I don’t know many people who can resist the alluring flash of a beautiful gemstone.  I certainly can’t!  My fascination with gemstones has seen me qualify as a gemologist with the Gemological Institute of America and travel the world researching my Gemstone Detective series of tourist guides to buying gemstones on holiday, yet I’m still hungry to learn more.  Here are seven of my favourite gemstone facts.

Kim Rix

Kim Rix

Our love of bling goes back further than you’d think:

Who do you think were the first to carve minerals into jewellery? The Babylonians? The Egyptians? Wrong. A skilfully carved bracelet of green-hued chlorite unearthed in Siberia is estimated to be 70,000 years old and may even have been made by an early extinct human species called the Denisovans.

Our ancestors held some colourful beliefs about gemstones:

Take amber, for example. Vikings believed that the tears of goddess Freya became amber when they fell to the ground, whereas the ancient Greeks thought that amber was solidified sunlight.  In ancient China, amber was believed to be the earthly form of a tiger’s soul.

Some gemstones really were once alive:

Opal forms in nooks and crannies from the deposits left behind by silica rich water.  Sometimes this process happens within decomposing material like wood and bones.  In 1987, the opalized skeleton of a pliosaur was excavated in South Australia. ‘Eric’ is now on display in the Australia Museum, along with the opalized fishbone found in his stomach!

Some have special properties:

Gemstones that display beautiful and unusual optical effects are called phenomenal gemstones.  One of my favourites, the colour change stone Alexandrite, appears red under incandescent light and green in daylight.  In gems displaying asterism, a star seems to float across the surface, and in those with chatoyancy, the ‘floating’ image looks like a cat’s eye.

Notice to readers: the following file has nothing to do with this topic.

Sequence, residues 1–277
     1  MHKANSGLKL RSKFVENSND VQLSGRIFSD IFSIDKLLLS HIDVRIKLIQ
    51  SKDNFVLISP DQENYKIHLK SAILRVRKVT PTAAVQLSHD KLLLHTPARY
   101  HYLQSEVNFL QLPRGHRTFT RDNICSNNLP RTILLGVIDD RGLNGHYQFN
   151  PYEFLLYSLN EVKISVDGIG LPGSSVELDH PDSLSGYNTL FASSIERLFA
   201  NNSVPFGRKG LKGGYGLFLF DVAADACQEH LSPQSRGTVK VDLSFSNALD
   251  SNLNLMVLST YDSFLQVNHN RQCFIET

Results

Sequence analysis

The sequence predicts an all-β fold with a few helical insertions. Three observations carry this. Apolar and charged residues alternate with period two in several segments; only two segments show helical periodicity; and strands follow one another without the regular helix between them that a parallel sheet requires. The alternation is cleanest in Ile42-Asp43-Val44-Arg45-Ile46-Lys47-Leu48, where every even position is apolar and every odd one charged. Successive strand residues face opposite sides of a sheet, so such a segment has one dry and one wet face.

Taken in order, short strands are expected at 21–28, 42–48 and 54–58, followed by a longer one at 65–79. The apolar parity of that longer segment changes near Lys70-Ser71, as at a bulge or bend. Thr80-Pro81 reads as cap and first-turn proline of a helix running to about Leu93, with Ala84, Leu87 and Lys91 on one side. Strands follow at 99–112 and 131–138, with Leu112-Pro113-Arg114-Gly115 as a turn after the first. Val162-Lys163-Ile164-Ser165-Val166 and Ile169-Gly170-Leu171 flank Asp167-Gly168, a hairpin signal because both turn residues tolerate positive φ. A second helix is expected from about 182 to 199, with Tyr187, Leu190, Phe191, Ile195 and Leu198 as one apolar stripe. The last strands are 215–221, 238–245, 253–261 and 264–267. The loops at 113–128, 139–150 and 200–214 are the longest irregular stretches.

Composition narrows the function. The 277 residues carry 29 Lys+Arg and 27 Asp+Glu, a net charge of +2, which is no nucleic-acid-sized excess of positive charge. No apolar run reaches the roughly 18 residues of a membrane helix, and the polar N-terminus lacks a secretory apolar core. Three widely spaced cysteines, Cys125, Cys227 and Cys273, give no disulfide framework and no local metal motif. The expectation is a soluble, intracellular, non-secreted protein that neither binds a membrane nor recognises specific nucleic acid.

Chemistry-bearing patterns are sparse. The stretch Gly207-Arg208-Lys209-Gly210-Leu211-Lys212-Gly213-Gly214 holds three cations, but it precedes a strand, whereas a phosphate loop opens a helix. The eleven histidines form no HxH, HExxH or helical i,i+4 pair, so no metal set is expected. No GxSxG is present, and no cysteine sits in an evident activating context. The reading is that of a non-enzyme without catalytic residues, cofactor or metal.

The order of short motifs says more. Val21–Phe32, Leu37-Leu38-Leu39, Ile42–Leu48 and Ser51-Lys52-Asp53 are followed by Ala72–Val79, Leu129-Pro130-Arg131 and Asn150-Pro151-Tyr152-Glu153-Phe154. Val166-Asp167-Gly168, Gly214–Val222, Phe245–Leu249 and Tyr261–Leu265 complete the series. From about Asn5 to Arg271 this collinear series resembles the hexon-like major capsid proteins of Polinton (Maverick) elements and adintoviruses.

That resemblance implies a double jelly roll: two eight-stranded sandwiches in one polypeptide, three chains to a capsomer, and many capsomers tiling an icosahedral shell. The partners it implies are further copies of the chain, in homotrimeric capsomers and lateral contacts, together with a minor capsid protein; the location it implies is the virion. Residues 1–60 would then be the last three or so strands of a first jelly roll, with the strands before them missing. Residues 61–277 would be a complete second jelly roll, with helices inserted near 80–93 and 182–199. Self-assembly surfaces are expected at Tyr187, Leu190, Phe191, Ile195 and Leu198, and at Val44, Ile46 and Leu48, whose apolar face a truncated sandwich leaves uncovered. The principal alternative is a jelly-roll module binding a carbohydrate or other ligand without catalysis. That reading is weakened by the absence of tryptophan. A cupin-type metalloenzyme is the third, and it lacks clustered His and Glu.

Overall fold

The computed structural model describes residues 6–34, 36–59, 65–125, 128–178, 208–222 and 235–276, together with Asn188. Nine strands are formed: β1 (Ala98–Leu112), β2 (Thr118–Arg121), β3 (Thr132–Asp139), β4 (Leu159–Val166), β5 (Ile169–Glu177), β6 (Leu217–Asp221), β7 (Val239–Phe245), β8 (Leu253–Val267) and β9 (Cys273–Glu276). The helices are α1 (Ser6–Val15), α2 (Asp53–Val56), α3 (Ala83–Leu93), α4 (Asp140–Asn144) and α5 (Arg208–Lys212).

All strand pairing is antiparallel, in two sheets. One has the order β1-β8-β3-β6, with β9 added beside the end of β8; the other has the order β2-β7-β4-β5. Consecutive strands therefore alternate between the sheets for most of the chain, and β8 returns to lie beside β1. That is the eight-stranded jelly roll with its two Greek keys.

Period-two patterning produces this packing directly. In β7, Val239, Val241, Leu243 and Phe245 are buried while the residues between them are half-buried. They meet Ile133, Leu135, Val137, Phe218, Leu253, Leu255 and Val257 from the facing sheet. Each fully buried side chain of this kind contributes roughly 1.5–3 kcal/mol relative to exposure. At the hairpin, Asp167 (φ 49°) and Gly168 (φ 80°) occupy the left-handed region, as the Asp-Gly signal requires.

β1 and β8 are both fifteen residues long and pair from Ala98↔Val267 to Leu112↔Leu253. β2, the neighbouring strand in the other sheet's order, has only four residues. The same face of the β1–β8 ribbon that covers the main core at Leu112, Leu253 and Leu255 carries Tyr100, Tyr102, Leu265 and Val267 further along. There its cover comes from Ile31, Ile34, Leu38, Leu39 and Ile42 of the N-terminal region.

And some are very, very hard to find:

Of the 4,000 or so minerals identified, only a small percentage are classed as gemstones.  Rarest of all is painite, a deep brownish red gemstone found only in Myanmar (Burma) and named after Arthur Pain, the gemmologist who first discovered it.  Most of the painite found to date is unsuitable for cutting, so only a handful of facted painite gemstones exist worldwide.  Painite can fetch up to 60,000 dollars per carat.

Diamond still comes out on top:

Painite might be rare, but the most expensive gemstone ever sold is the Pink Star Diamond, which achieved $71.2 at auction in April 2017.  The internally flawless pink diamond weighs 59.60 carats and was mined by De Beers in South Africa.

But the sky’s the limit:

BPM 37093—a rather boring name for what is actually a 10 billion trillion carat diamond.  The star, nicknamed ‘Lucy’ after the Beatles song, is a crystallised white dwarf composed of carbon.  According to astronomer Travis Metcalfe, “You’d need a jeweller’s loupe the size of the sun to grade this diamond.”  One day, even our own sun will become a giant diamond!